News and Opinion from Sisters, Oregon

Sisters Woodlands wins zoning approval

Following a public hearing at last week’s meeting, City Council unanimously approved the application to rezone and redesignate the 35.84-acre property located at 201 N. Pine St., formerly owned by the U.S. Forest Service and zoned Public Facilities (27.53 acres), Urban Area Reserve (4.76 acres), and Open Space (3.55 acres).

The approval by Council came after the recommendation for approval, with conditions, from staff and from the Sisters Planning Commission. As part of the application were several edits, in support of the rezoning, to the existing Comprehensive Plan created in 2005.

The approved zoning changes now include Residential Multi-Family (25.06 acres), Light Industrial (4.96 acres), Landscape Management (3.85 acres), and Commercial (1.97 acres).

The approved changes are only the first step in the land-use review process for the property being developed by PX2 Investments LLC, owned by locals Paul Hodge and Paul Schneider in order to provide workforce housing for the employees of Laird SuperFoods and other Sisters businesses.

At this stage of the process, no development plans are provided. In the coming months there will be layers of subsequent plan review required. First comes the master plan for the entire property, then the subdivision application which spells out how each section within the Master Plan will be used. Next comes the actual site plan showing the placement and type of buildings and streets and which trees will remain. Only after each of those steps are reviewed, and possibly subject to public hearing, are building permits issued.

In approving the rezone application, certain applicable code criteria had to be met. The application had to prove compliance with statewide land-use goals and compliance with the City’s Comprehensive Plan goals and policies. Through a variety of professional studies, proof had to be shown of adequate infrastructure (water, sewer, transportation, parks) available or that can be built to serve the maximum anticipated level and density of uses allowed by the new zoning districts.

The final condition required to be met is evidence of change, mistake, or inconsistency that warrants the need for a change. With the Forest Service no longer using the entire parcel of land, and wishing to sell all but about 10 acres, the evidence of change was met.

The conditions of approval recommended by the City staff to both the Planning Commission and City Council must all be met by the applicant prior to the master plan application. A few of the 15 conditions put forth include the following:

• Prior to master-plan approval, the applicant shall submit preliminary plans for the use of 3.85-acre Open Space on the corner of Highway 20/West Barclay Drive to the City for review.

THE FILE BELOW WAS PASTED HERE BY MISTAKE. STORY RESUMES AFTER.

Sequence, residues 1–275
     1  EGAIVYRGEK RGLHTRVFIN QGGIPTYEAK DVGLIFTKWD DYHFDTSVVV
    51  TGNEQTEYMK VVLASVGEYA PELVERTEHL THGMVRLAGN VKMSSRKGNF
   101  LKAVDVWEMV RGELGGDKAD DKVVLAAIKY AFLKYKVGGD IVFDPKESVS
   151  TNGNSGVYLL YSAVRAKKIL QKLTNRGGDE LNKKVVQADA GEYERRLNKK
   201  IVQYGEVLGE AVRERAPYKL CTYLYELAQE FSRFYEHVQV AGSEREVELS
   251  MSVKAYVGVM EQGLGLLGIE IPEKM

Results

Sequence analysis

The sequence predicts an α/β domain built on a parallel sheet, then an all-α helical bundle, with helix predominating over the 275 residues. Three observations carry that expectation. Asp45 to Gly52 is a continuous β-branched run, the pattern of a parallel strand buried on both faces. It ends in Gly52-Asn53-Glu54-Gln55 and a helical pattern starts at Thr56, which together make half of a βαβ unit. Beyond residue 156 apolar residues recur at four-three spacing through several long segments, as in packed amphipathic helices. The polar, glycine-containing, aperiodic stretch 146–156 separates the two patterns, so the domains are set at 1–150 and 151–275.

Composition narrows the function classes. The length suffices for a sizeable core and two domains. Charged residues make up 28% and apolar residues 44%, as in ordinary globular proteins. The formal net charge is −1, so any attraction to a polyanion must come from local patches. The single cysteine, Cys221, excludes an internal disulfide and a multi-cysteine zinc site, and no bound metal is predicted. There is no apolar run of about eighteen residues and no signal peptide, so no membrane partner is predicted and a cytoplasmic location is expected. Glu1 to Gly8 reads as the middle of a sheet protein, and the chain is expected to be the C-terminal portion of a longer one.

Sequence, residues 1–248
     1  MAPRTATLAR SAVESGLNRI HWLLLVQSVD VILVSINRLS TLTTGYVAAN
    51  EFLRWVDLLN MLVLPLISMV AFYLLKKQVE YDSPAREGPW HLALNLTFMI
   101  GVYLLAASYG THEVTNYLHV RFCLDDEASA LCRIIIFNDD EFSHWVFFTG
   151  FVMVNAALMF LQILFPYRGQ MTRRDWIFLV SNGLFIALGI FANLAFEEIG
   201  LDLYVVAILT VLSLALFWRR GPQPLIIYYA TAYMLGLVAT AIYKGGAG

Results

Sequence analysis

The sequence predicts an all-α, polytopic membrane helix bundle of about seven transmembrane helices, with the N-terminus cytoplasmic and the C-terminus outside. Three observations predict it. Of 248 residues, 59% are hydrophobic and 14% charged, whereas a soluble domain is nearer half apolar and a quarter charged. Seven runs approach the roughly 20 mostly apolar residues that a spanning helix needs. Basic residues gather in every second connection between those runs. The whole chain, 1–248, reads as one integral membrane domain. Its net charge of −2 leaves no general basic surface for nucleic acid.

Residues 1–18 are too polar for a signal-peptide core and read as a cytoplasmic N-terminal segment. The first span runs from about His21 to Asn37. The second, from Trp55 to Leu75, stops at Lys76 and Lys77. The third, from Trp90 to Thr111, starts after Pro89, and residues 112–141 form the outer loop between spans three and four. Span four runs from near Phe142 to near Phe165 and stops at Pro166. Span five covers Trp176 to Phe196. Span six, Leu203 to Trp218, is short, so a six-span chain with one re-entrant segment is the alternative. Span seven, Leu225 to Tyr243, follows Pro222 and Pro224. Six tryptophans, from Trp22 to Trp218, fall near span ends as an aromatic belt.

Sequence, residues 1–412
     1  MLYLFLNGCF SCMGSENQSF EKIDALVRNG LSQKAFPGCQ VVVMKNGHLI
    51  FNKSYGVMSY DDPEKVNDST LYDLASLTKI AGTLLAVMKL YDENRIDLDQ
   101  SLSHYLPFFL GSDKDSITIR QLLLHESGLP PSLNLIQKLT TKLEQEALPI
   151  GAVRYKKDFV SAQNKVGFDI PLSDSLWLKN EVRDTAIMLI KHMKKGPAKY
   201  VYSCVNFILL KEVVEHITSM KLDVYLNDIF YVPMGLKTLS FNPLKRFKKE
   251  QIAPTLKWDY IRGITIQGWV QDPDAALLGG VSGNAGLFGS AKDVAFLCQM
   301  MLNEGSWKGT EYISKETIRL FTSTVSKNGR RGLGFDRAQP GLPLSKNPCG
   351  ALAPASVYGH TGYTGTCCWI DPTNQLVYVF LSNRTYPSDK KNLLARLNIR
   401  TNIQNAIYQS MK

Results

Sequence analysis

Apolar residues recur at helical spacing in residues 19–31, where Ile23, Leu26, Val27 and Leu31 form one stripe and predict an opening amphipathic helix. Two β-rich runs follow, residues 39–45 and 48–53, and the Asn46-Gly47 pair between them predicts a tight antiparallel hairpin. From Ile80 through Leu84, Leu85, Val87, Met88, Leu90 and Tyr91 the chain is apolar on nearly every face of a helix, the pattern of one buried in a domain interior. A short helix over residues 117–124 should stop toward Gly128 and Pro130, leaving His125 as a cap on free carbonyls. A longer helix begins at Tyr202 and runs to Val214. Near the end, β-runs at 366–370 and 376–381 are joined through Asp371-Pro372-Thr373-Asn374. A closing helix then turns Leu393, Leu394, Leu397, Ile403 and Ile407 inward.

A payment of $38,785.05 shall be paid by the applicant as its proportionate share of improvements along Highway 20 and the parallel alternate route along Barclay Drive to support east-west mobility needs along the Highway 20 corridor.

• Prior to recording the initial land-division plat or issuance of the initial building permit, whichever occurs first, a fee of $72,972.97 is required to mitigate the impacts to sewer Pump Station #2, including wet well and emergency-backup generator upgrades.

The closure of City Hall to the public due to the coronavirus pandemic necessitates any testimony at public hearings be done via Zoom or through writing prior to the meeting. Comments received were about 2-1 in support of the development, with many mentioning the current lack of affordable housing for young families negatively impacting local businesses in attracting employees to Sisters.

Other positives include the development is supported by many of the strategies set forward in the Sisters Vision. The property is located within the Sisters Urban Growth Boundary, so it is making use of land already within the city. The proposed development will draw more involved young members into the community while balancing growth with the things about this community that we all love. It is being developed by locals who live here and care about the community.

On the other side of the coin, those opposing the development mention traffic congestion, the cutting of the trees on the property, and loss of open space within the city. Also mentioned was the feeling Sisters is losing its personality and small-town charm with little real consideration for the negative impact to the quality of life for Sisters residents and the environment.

The planning file for the Sisters Woodlands can be found on the City website.

 

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